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Having resigned his trust, and in every department rendered an account approved by his Commonwealth and country, it was especially fitting that those whom he served with such constant, unselfish devotion should thus record their appreciation of a benefactor and friend, and that we all should pause, if but to consider for a moment the briefest review of the life and labors of one of the greatest savants of his age and the nation's greatest educational public servant.
LETTER OF J, H. HOOSE, Ph.D,
The Journal for Feb. 18, 1886, is just at hand. I have read it with peculiar and deep interest. It has been my good fortune to know Mr. Philbrick, although not intimately. I remember him with marked pleasure for the interest that he always took in me, - a comparative stranger to him. I remember the deep interest that he took in the tenure of position of teachers. His sympathies were always warm and right. He was, perhaps, the highest type of the practical schoolman, and the most enlightened educator that America has yet produced.
But I write for an additional purpose, which is this : You have devoted one issue of the Journal entirely to a memorial of a teacher. This is unprecedented in the history of educational journalism, and it is one of the most thoughtful and praiseworthy acts of these times. The example set by you in this instance will have its influence upon the members of our profession, for it will show to teachers at large that there are many lines of tender memories of teachers which are cherished by the worthy men and women of our fraternity. This memorial will make teachers feel less lonely ; it will strengthen the bonds of brotherhood among them, and help on the era of fraternal sympathy. In honoring the memory of an educator in the manner that you have, you have ennobled the teacher, magnified his profession, and honored educational journalism.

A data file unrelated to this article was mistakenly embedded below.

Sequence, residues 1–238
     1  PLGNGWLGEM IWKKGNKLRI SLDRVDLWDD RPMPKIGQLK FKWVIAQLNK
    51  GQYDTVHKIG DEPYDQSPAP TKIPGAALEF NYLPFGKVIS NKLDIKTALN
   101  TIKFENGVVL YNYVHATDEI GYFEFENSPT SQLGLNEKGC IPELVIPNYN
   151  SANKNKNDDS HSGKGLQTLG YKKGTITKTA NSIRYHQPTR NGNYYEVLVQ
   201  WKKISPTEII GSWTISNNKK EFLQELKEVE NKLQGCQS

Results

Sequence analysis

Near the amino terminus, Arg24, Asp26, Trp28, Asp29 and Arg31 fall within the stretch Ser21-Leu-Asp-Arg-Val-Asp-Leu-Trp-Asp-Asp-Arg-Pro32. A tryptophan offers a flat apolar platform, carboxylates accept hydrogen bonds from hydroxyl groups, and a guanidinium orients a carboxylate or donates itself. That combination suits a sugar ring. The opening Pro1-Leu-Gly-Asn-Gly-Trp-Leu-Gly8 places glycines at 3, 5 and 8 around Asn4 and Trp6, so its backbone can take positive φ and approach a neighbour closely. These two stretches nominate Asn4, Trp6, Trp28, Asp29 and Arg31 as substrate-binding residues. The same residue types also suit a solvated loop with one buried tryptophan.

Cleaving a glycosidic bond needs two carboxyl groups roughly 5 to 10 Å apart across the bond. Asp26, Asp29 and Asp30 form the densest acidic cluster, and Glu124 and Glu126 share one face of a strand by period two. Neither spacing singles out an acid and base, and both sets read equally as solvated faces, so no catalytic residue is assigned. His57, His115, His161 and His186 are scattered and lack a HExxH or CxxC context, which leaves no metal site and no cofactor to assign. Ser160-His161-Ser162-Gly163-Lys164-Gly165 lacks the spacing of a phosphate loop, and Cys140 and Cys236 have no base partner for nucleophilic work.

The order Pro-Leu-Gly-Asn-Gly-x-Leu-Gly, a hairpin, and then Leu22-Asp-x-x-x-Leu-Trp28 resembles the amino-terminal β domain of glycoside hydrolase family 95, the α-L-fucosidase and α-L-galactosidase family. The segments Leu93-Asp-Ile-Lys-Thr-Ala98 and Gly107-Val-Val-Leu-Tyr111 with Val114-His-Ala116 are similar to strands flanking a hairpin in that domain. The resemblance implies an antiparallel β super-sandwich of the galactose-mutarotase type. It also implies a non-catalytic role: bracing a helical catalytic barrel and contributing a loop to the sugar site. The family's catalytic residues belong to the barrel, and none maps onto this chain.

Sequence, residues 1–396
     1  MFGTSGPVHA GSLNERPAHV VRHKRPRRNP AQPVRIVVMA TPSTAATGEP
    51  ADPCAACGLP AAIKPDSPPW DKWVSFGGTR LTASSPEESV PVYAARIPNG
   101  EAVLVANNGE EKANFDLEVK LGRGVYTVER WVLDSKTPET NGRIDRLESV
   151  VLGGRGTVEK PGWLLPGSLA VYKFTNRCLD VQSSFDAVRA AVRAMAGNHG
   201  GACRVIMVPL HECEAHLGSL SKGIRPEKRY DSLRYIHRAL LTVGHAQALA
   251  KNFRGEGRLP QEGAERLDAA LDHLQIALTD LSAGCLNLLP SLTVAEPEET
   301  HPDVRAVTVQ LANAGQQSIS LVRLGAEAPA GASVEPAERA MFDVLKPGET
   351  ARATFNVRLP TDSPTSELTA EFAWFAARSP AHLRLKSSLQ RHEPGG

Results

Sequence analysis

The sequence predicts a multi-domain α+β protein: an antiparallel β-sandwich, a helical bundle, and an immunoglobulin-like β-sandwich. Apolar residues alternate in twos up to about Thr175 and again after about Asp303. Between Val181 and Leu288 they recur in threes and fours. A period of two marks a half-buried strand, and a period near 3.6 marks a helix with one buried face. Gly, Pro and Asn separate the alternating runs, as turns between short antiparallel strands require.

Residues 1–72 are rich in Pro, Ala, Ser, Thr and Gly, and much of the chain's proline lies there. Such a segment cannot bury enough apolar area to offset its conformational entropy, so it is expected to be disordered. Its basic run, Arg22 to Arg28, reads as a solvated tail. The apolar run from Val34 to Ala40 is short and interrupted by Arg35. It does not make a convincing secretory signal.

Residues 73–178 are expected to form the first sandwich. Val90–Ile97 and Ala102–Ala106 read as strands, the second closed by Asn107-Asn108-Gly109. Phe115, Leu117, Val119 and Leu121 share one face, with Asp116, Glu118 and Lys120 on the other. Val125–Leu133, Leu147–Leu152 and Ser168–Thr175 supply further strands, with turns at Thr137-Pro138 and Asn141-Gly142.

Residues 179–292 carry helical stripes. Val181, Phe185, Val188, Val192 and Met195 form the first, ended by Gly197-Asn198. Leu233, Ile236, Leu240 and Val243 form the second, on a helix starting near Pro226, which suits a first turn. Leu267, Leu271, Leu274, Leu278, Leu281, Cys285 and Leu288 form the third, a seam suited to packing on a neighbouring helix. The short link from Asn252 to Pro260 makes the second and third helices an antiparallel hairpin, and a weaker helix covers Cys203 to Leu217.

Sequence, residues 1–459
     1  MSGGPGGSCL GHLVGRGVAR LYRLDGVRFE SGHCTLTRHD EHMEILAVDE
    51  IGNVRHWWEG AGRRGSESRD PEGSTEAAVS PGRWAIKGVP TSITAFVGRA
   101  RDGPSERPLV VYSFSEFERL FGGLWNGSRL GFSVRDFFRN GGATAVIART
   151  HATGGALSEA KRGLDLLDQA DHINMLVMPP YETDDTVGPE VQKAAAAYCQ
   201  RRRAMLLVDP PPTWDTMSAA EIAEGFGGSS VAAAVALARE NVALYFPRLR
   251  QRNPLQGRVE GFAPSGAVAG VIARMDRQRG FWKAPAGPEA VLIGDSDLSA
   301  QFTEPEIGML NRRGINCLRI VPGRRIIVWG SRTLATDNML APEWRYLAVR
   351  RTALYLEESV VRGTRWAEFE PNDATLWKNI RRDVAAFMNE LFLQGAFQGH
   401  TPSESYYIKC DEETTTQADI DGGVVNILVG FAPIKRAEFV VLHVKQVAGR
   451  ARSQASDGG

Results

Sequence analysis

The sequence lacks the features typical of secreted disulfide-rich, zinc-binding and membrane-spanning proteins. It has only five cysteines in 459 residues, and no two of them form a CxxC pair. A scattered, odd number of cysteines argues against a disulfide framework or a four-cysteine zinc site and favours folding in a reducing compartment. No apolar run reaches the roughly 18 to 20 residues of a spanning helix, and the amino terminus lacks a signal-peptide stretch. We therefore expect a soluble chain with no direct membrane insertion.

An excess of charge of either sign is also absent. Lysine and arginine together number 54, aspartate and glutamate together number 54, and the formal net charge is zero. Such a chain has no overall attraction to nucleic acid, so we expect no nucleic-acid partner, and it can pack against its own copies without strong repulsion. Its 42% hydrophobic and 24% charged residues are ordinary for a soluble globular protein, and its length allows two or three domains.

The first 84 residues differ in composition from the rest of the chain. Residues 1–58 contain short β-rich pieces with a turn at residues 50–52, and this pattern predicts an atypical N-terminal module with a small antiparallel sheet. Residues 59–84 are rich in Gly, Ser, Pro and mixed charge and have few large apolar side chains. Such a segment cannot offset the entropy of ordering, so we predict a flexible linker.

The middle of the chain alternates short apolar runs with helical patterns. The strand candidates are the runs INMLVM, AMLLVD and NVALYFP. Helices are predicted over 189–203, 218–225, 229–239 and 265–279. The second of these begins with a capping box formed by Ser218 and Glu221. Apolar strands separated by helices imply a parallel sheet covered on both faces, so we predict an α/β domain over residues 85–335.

LETTER OF PROF. W. H. PAYNE.
Of the duties binding on men toward their fellows, none is higher or sweeter than that of rendering just praise to those whose forms have forever disappeared from human sight. The tears we shed over the graves of our departed friends are unselfish tributes, pleasing to heaven and wholesome to the soul that weeps. We may thus have the delicious joy of doing a service for which there can be no return; and by this respite from selfish emotions, the soul gains strength for a new start towards the higher life.
Mr. Philbrick was my dearest professional friend, and his death was a shock whose effects are still vividly felt in my heart. My affection for him was the greater because out of his own generous impulses he bestowed on me his good offices while I was still a stranger to him. Soon after he retired from Boston to Asylum Station, he sent me warm words of commendation for the expression of some sentiment which he approved, and a hearty invitation to visit him whenever my duties might call me to the East. Learning of my contemplated visit to Boston in the winter of 1884-5, he repeated his request